Pasteurella spp is the first organisms to consider in any patient who presents with a soft tissue infection following cat or dog bites. Pasteurella canis is most common isolate of dog bites, but there are no reports of pastereulla canis infection caused by sheep bite. A case of a 66 years old farmer woman with symptoms of infected left hand with wrist septic arthritis, after a lamb bite is described (the sheep was sick after a dog bite). Microbiological examination of the wrist articular liquid was performed. The specimen was both aerobic and anaerobic cultures were performed. After 24 hours, growth of smooth, greyish-white colonies was observed only on Columbia agar. Another Gram stained slide was performed from those colonies and Gram negative cocobacilli to short rod shaped morphology with bipolar staining was observed. They demonstrate positive catalase and oxidase positive reaction. The bacterium was susceptible to all tested antimicrobial agents. Although systemic forms of Pasteurella are possible, cutaneous infections from animal bites are the most common presentation. Most animal-bite injuries can be treated with oral antimicrobials on an outpatient basis, but in this case the patient needed intravenous antimicrobial aggressive therapy.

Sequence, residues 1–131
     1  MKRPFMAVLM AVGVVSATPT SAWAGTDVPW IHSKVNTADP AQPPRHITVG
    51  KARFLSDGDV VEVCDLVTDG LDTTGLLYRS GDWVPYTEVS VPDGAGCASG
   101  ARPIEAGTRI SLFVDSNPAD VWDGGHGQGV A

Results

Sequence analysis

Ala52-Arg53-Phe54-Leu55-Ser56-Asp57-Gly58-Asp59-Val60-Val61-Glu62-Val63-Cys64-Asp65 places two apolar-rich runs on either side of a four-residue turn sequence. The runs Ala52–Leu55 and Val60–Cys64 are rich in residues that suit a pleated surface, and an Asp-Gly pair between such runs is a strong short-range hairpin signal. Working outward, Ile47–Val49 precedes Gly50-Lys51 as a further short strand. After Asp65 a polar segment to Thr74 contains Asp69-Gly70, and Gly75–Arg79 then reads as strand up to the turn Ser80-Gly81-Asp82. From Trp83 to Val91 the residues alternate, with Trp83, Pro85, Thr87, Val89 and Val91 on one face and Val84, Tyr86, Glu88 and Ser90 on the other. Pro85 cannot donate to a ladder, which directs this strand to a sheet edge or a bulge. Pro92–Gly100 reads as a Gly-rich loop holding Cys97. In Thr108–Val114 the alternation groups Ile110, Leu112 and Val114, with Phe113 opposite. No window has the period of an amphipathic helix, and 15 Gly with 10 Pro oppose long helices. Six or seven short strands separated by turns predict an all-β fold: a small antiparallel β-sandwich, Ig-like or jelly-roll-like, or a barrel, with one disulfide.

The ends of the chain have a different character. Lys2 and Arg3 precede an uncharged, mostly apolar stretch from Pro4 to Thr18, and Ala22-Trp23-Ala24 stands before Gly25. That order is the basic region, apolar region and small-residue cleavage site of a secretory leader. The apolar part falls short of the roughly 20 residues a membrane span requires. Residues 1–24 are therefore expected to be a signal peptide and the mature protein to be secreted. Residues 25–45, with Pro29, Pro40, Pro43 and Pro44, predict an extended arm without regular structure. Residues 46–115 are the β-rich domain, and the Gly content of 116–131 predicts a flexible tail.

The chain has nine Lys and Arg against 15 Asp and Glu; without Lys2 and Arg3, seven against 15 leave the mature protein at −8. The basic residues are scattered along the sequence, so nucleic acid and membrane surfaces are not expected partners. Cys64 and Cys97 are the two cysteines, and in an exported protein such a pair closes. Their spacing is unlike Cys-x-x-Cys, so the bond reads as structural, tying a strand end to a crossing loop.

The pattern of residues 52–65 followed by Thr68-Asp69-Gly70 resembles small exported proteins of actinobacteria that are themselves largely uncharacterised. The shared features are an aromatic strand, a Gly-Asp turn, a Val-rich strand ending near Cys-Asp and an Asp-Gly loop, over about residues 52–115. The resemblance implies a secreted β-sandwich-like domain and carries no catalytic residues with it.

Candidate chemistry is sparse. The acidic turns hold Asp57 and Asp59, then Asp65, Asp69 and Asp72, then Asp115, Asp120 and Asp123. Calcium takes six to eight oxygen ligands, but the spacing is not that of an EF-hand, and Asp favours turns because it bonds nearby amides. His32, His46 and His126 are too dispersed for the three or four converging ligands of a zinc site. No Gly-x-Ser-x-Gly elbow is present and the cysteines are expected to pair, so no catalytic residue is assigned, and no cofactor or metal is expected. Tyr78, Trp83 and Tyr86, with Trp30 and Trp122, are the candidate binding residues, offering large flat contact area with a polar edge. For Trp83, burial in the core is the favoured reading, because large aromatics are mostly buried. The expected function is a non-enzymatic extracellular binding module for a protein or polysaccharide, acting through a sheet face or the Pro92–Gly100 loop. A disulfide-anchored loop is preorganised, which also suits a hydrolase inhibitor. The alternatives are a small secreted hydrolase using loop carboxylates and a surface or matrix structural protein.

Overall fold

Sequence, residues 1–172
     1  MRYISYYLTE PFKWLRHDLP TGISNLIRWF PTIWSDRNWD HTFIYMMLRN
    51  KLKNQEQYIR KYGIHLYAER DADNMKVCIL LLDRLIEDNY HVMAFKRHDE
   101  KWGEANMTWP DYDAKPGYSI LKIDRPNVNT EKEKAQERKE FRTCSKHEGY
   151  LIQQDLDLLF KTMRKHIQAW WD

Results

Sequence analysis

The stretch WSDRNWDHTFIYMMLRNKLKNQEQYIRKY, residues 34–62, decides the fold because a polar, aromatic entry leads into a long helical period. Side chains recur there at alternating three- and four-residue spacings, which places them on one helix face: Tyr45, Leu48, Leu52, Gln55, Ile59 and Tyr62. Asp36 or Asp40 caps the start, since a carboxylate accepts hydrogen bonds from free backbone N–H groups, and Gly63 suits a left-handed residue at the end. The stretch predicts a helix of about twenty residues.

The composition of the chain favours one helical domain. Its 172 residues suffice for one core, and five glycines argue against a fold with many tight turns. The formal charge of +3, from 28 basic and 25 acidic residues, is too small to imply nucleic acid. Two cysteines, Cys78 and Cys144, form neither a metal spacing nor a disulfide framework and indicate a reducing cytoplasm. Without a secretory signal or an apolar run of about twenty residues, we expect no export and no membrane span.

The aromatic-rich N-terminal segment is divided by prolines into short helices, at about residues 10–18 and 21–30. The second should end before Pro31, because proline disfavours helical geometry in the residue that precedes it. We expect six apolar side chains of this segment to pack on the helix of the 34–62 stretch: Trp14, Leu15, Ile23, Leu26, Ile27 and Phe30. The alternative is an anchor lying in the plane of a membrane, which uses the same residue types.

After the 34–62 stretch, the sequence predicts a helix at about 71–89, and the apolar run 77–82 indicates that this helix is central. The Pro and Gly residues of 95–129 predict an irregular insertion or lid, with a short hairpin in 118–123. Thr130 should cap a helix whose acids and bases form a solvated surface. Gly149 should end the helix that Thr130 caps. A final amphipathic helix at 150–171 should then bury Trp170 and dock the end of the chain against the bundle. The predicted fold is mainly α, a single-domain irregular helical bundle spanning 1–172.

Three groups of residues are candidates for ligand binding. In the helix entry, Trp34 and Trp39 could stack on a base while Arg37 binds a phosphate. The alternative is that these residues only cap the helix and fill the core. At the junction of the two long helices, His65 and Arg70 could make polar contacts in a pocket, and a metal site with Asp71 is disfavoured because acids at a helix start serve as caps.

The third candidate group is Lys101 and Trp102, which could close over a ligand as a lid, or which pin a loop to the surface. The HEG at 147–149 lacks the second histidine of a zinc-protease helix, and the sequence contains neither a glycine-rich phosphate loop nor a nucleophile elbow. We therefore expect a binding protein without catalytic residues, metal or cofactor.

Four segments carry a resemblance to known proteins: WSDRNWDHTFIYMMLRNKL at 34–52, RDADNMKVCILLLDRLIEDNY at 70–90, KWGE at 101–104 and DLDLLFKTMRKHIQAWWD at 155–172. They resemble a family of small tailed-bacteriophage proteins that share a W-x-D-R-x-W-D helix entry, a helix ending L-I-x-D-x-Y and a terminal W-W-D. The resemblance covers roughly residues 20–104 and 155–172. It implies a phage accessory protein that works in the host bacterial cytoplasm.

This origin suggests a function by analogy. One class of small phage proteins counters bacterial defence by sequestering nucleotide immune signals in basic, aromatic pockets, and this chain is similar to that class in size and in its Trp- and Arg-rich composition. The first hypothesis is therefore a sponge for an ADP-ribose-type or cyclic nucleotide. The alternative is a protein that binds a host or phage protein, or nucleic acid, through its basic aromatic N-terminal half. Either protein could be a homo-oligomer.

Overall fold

Published on: Jun 13, 2016 Pages: 12-14